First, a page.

Our project focused on improving the relationship between the communities of El Pajarito and El Tular (near Achuapa) and their environment.

Here is a short 5 minute video of me description our team’s project along with my host family!

GRASP: Getting Results and Solving Problems

What is GRASP?

I recently stumbled across a great framework called GRASP: Getting Results and Solving Problems.

It’s from the Comino Foundation, a foundation set up to support innovation practice. It was set up by Demetrius “Dimitri” Comino, a Greek-Australian engineer and entrepreneur that founded Dexion after settling in the UK post-university. There’s a great biography including a history of his businesses and foundation available here.

The framework can also apparently be referred to as: Getting Results and Seizing Potential  “because it became most effective in helping people to achieve their full potential” according to the Foundation.

How does it work?

Here are the steps as described on the Foundation’s website:

  1. Define your purpose in terms of what you want to achieve
    • NB. Not what you want to do!
  2. When defining purpose, keep asking the question ‘Why?’
    • Ask “What do I really want to achieve?”
  3. Imagine in detail how it will be when you have succeeded
    • Use this picture of success to establish the criteria by which you will know if you have succeeded.
  4. Examine alternative means by which the desired result might be achieved
    • Never allow yourself to think that there is only one way to succeed.
  5. Choose what seems to be the best option and make a plan.
  6. Carry through your chosen plan.
  7. Repeat the process to see if you can do better or have redefined your purpose, which often happens.
  8. Review the process at each stage.

Comments on the framework

I really like this framework as it includes several key tools.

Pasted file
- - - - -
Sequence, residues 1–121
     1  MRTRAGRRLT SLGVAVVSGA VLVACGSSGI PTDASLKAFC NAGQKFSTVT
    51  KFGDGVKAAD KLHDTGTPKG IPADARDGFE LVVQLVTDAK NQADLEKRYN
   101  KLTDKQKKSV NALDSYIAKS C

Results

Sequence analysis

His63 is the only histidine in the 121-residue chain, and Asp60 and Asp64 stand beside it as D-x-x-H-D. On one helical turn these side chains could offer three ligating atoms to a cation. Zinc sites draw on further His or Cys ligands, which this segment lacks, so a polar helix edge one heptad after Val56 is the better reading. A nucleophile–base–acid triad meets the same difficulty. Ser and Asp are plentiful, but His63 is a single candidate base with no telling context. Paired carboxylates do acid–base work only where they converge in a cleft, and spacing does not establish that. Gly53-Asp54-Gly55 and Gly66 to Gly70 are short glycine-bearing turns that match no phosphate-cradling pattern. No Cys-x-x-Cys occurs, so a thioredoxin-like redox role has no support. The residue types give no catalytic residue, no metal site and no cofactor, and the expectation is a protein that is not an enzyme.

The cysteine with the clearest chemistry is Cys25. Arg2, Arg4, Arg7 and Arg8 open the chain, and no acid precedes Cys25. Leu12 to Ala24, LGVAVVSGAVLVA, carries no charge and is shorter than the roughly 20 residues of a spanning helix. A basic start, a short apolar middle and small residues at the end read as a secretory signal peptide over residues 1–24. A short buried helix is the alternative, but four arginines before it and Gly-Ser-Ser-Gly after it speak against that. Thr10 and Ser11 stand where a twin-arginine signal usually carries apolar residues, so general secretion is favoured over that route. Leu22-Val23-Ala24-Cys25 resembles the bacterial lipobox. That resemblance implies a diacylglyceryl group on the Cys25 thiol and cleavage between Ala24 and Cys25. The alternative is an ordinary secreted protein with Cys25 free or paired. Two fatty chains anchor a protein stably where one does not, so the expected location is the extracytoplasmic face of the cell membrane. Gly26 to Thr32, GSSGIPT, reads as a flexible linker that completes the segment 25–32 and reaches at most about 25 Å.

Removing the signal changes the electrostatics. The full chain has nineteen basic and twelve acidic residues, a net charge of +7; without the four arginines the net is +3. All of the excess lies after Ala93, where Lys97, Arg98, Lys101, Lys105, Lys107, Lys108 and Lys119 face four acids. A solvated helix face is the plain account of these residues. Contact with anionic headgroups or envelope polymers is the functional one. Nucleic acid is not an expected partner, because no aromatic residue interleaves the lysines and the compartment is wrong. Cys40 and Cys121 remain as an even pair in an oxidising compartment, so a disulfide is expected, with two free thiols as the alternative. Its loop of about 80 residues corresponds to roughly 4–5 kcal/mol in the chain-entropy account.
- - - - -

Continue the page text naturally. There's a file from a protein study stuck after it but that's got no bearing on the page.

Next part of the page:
Firstly, the use of Why? is drilling down past our pre-conceived notions and limiting beliefs in the same way as the Five Whys methodology.

Secondly, it is goal focus and not activity focused. This primes us to discard our limited thinking to date and to consider the most efficient way possible to get to our goals.

Thirdly, it contains an element of measurement which is key for the successful completion of any plan.

Finally, the use of visualisation not only makes it real but allows us to actually understand what the goal will feel like when we have achieved it. This useful for motivation, but it is also useful when we take into consideration which of our 6 Human Needs it is actually helping us achieve. This deeper understanding will help us to get closer to what we really need to achieve in order to satisfy our core needs.

My version

I’ve created my own version which reads:

  1. What do I want to achieve?
    • Why?
  2. Visualise in detail the completed goal.
    • Use this vision to establish the success criteria.
  3. Examine alternative means to achieve the desired result.
    • There is always another way!
  4. Choose the best option and make a plan.
  5. Execute.
  6. Repeat.

Download template

You can also download my version of their questions in a handy PDF template here:

GRASP Getting Results and Solving Problems template.